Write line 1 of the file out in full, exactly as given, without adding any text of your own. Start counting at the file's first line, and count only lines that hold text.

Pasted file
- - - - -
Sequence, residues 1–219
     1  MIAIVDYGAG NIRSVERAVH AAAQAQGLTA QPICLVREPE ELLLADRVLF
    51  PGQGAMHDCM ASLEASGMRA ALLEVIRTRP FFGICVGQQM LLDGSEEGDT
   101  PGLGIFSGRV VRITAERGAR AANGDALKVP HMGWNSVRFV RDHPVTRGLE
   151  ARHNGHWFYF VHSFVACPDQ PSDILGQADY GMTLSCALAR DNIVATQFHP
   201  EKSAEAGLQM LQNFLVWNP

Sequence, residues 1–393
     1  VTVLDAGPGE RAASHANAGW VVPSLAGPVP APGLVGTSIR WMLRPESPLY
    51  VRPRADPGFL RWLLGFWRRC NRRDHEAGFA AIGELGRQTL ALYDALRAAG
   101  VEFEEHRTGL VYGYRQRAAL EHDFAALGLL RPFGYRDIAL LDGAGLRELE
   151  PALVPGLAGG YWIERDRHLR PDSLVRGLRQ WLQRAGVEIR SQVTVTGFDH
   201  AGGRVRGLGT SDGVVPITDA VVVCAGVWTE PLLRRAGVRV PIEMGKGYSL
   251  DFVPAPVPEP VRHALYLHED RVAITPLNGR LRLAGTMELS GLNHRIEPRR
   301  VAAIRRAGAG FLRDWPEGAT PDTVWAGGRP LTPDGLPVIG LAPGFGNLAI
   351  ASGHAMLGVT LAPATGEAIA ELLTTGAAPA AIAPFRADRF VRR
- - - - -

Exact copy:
Sequence, residues 1–219